US9430588 | Jun 23, 2009 | Aug 30, 2016 | Autodesk, Inc. | Assembly connection method for attaching virtual parts in a computer aided design software environment |
US9619586 * | Nov 7, 2011 | Apr 11, 2017 | The Boeing Company | Computer aided design model analysis system |
US20060130002 * | Sep 9, 2003 | Jun 15, 2006 | Sadahiro Hirayama | Requirement defining method, method for developing software, and method for changing requirement word, and newly defining method |
US20060271218 * | May 2, 2006 | Nov 30, 2006 | Lopez George A | Computer system for efficient design and manufacture of multiple-component devices |
US20080174599 * | Jan 18, 2007 | Jul 24, 2008 | Rothstein Saul J | Implicit Feature Recognition for a Solid Modeling System |
US20080243445 * | Mar 26, 2008 | Oct 2, 2008 | Hntb Holdings Ltd | Bridge information modeling |
US20080243801 * | Mar 27, 2007 | Oct 2, 2008 | James Todhunter | System and method for model element identification |
US20100010655 * | Jun 23, 2009 | Jan 14, 2010 | Lcdesign, Inc. | Assembly connection method for attaching virtual parts in a computer aided design software environment |
US20100060635 * | Sep 9, 2009 | Mar 11, 2010 | Lcdesign, Inc. | Assembly-based parametric modeler |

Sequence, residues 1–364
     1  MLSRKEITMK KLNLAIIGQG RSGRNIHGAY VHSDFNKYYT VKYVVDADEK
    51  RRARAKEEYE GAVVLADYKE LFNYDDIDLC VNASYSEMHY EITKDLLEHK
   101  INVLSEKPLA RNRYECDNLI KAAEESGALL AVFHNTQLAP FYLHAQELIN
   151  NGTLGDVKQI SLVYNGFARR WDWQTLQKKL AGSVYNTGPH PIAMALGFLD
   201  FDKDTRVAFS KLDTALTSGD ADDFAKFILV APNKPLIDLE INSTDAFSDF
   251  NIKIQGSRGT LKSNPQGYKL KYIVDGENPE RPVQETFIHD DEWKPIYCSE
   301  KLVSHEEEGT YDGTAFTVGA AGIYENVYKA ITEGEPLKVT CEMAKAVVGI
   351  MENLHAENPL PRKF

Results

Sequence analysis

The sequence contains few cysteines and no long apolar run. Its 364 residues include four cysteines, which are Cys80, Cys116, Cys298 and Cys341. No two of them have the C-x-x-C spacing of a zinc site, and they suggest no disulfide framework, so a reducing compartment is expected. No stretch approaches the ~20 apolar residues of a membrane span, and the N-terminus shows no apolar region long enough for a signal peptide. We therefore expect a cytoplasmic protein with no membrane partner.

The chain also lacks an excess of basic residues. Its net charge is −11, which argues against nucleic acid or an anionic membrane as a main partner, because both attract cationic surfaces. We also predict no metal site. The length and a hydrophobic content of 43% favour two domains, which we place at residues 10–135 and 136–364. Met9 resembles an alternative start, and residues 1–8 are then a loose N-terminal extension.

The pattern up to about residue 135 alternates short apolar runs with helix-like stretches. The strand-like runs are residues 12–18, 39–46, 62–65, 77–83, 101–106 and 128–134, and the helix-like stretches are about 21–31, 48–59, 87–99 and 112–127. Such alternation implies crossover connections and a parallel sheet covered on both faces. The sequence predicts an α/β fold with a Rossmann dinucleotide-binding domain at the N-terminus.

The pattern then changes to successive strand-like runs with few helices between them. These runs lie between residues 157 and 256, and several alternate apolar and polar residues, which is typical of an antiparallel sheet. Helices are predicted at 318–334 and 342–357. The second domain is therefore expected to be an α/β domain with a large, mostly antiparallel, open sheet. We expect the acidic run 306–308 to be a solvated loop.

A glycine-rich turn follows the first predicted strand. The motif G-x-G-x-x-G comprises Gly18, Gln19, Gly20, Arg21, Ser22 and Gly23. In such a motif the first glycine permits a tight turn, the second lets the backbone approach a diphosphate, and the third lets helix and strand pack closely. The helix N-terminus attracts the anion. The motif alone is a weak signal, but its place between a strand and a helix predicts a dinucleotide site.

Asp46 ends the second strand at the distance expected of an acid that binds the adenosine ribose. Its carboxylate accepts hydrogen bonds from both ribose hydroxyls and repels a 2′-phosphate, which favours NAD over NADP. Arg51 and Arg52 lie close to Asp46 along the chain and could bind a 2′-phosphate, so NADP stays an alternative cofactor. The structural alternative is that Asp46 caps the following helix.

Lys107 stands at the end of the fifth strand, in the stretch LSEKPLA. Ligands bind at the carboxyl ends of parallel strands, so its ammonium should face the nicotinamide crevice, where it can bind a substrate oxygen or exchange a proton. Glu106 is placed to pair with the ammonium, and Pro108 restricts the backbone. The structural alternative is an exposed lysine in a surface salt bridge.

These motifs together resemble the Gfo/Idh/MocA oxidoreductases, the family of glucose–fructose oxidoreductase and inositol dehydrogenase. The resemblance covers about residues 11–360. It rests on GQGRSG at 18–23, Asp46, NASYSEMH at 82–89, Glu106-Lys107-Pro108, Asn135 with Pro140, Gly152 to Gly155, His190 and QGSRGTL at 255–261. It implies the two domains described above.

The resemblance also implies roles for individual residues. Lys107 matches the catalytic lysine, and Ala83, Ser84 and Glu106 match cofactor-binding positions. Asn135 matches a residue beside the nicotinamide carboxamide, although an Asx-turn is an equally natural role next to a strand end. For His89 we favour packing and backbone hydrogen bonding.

US20100070242 * | Oct 19, 2007 | Mar 18, 2010 | Peugeot Citroen Automobiles S.A. | Method for the computer-assisted design of a mechanical assembly |
US20100217570 * | Dec 20, 2007 | Aug 26, 2010 | Charruau Stephane | Method for Simulating the Failure Rate of an Electronic Equipment Due to Neutronic Radiation |
US20100232701 * | Sep 11, 2009 | Sep 16, 2010 | Siemens Product Lifecycle Management Software Inc. | System and method for identifying wall faces in an object model |
US20130116979 * | Nov 7, 2011 | May 9, 2013 | The Boeing Company | Computer Aided Design Model Analysis System |
US20140118358 * | Apr 13, 2012 | May 1, 2014 | Hitachi, Ltd. | Computer system and assembly animation generation method |
U.S. Classification | 703/7, 717/108, 703/6, 703/2, 707/999.104, 707/999.103 |
International Classification | G06F9/44, G06G7/48 |
Cooperative Classification | Y10S707/99945, Y10S707/99944, G06F17/50, G06F2217/06 |
European Classification | G06F17/50 |
Date | Code | Event | Description |
---|---|---|---|
Jun 4, 2003 | AS | Assignment | Owner name: MASSACHUSETTS INSTITUTE OF TECHNOLOGY, MASSACHUSET Free format text: ASSIGNMENT OF ASSIGNORS INTEREST;ASSIGNORS:SUH, NAM PYO;CHUNG, JIN-PYUNG;REEL/FRAME:014150/0590 Effective date: 20030602 |
Jun 9, 2009 | CC | Certificate of correction | |
May 13, 2011 | FPAY | Fee payment | Year of fee payment: 4 |
Jun 26, 2015 | REMI | Maintenance fee reminder mailed | |
Nov 13, 2015 | LAPS | Lapse for failure to pay maintenance fees | |
Jan 5, 2016 | FP | Expired due to failure to pay maintenance fee | Effective date: 20151113 |